The opinion of the court was delivered by: AVIS
The plaintiff is a corporation of the State of New York; the defendant a resident of New Jersey, and the complaint charges that defendant has infringed the plaintiff's trade-mark in the sale and distribution of toilet preparations and has also been guilty of unfair competition. Specifically, the charges are that plaintiff is the owner of two certain trade-marks, to wit, "Bourjois" and "Evening in Paris", which it has applied to certain of its products for varying lengths of time. These trade-marks are also registered in the United States Patent Office; that its product has for many years been identified by purchasers with one or the other or both of these trade-marks. It is also stated that plaintiff has used a distinctive and attractive trade dress, the characteristics of which have been a combination of the colors blue and silver generally, silver stars on a blue background, and labels of triangular design, all of which have made the buying public acquainted with and familiar with plaintiff's products under the aforesaid labels and dress. It is further alleged that plaintiff manufactures its product and has large sums of money invested in its plants for manufacture and distribution of its products. It is also alleged that plaintiff in 1938 authorized Crillon Sales Corporation to pack and sell its products, using plaintiff's trade-mark, in small ten cent size packages and bottles.
The charges of the complaint against defendant are that he has packed face powder in small boxes purporting to be Bourjois Evening in Paris face powder, repacked; and bottled toilet water in small vials purporting to be Bourjois toilet water, rebottled by defendant, intending to sell same at a retail price of ten cents each, and having thereon plaintiff's trade-mark Bourjois and Evening in Paris, and embodying plaintiff's blue and silver get up, which products were sold and distributed by defendant in New Jersey and elsewhere.
It is further charged in the complaint that the face powder marketed by defendant was not Bourjois but spurious, and that the toilet water was also spurious and not genuine Evening in Paris, the Bourjois product; that the face powder sold by defendant is in false bottom boxes, and the quantity considerably less than contained in boxes marketed by plaintiff's representatives, and that misrepresenting display cards are used by defendant, accompanying the vials of toilet water.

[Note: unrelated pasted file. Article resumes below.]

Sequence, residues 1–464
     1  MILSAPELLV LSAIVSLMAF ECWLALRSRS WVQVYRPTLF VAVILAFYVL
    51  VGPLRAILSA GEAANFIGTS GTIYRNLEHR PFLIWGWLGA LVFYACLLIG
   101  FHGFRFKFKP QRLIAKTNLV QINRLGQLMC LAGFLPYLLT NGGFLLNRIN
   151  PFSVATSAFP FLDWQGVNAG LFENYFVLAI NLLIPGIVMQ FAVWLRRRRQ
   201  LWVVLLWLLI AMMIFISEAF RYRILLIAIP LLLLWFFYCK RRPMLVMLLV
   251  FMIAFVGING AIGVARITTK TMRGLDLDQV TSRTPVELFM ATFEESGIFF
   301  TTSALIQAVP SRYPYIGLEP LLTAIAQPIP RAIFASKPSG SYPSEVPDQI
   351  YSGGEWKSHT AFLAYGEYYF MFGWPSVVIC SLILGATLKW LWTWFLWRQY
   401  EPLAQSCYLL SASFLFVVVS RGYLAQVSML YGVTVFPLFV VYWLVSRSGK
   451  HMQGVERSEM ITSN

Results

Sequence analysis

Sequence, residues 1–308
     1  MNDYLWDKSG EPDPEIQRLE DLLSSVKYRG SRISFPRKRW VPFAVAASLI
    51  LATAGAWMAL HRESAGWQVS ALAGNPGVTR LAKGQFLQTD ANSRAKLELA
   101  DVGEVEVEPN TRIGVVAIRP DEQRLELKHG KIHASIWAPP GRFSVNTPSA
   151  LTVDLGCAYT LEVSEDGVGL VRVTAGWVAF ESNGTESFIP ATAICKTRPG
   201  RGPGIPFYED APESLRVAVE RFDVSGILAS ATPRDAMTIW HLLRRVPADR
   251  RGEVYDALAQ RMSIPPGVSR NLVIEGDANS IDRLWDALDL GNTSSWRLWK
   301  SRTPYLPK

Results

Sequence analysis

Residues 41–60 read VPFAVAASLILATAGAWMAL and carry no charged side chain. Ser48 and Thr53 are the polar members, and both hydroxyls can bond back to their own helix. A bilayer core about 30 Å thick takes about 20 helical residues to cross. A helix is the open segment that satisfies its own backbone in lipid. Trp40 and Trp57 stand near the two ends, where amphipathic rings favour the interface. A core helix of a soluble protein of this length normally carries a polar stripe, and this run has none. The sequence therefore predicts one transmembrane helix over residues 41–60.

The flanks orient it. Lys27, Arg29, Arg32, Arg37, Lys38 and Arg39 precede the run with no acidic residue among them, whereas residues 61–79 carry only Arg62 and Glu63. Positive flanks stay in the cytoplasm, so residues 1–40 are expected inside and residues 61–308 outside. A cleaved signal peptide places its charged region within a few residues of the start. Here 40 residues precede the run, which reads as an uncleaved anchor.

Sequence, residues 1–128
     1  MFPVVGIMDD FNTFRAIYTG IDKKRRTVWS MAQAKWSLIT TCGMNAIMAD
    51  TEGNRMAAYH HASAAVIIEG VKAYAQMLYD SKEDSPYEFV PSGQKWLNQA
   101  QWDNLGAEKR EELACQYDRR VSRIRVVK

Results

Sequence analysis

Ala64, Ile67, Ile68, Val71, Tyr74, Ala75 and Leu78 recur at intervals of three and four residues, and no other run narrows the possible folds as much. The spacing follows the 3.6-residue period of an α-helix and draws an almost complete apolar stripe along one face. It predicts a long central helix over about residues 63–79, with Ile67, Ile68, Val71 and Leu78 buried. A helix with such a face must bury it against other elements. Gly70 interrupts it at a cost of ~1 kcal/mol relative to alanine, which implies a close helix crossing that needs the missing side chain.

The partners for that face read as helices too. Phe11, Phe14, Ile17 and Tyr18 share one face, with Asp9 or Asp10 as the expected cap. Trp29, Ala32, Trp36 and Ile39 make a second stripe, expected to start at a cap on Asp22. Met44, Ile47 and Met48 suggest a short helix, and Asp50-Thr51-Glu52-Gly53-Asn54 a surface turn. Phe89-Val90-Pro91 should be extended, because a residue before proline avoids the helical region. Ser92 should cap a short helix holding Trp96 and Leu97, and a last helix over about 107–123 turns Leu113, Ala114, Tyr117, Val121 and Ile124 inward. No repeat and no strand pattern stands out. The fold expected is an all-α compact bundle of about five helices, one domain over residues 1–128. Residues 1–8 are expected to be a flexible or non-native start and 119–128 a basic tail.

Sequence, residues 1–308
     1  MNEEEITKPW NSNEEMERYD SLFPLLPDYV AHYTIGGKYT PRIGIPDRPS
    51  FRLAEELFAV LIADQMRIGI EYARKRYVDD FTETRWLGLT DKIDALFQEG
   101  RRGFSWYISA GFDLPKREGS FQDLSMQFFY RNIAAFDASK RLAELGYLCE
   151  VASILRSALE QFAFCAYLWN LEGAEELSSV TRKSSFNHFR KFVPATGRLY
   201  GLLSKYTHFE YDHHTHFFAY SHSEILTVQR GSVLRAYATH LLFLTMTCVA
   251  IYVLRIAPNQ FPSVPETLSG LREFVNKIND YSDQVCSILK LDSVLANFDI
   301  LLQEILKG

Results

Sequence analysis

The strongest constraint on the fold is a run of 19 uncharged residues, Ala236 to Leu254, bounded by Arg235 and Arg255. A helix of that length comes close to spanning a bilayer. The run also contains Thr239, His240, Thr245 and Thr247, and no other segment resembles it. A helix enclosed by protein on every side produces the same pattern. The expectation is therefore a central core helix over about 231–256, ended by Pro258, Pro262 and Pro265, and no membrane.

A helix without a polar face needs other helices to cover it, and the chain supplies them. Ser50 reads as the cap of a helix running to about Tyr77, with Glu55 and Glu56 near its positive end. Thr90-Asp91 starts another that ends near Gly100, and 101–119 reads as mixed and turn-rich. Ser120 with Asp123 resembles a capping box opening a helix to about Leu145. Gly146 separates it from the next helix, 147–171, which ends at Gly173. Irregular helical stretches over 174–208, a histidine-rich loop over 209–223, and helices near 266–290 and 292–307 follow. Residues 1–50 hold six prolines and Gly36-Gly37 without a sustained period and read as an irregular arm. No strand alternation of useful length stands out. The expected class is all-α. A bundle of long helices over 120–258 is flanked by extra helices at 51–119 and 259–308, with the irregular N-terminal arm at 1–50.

It is also charged that defendant prepares and distributes a toilet water stated to contain one-half of one per cent. of the product of plaintiff marketed under the name of Evening in Paris, or at least having that name so prominently appearing on the labels as to indicate that it is plaintiff's product.
Sundry relief by way of injunction and money damages is prayed for in the complaint. The general charges in the complaint are sustained by the proofs.
An examination of the labels on the bottles, in which the toilet water is marketed by defendant, the cards accompanying same, and the boxes in which the face powder has been sold, convinces the Court that defendant has endeavored to market his product with the intention of deceiving purchasers and to induce them to believe that the content is not only genuine material of plaintiff but to indicate that the defendant's bottles and boxes are marketed directly by the plaintiff.
The facts are governed by the law laid down in the case of Bourjois, Inc., v. Hermida Laboratories, 106 F.2d 174, a case decided in this circuit. I am bound by that decision, and the facts and issues are easily distinguished from those in the Supreme Court case of Prestonettes, Inc., v. Coty, 264 U.S. 359, 44 S. Ct. 350, 68 L. Ed. 731. The labels condemned in the Circuit Court case, with the exception of the name of the repacker, contain the same words as the labels in the instant case.
Whatever the result may be on final hearing, a preliminary injunction should be issued to restrain the use of the labels and boxes heretofore and now used by defendant of the character produced before the Court and offered in evidence at the hearing. If not direct infringements, they undoubtedly constitute unfair competition of such a nature as to justify preliminary restraint. Such restraint I believe to be sufficient to protect the rights of plaintiff without at this time taking into consideration the question of the claimed adulteration or substitution of certain materials marketed by defendant.
The defendant will be restrained as aforesaid and enjoined from directly or indirectly marketing or selling the toilet water with the labels aforesaid or the face powder in the packages aforesaid, or any simulation thereof, or attaching thereto a statement similar to that heretofore used.
Terms of order will be fixed on notice.
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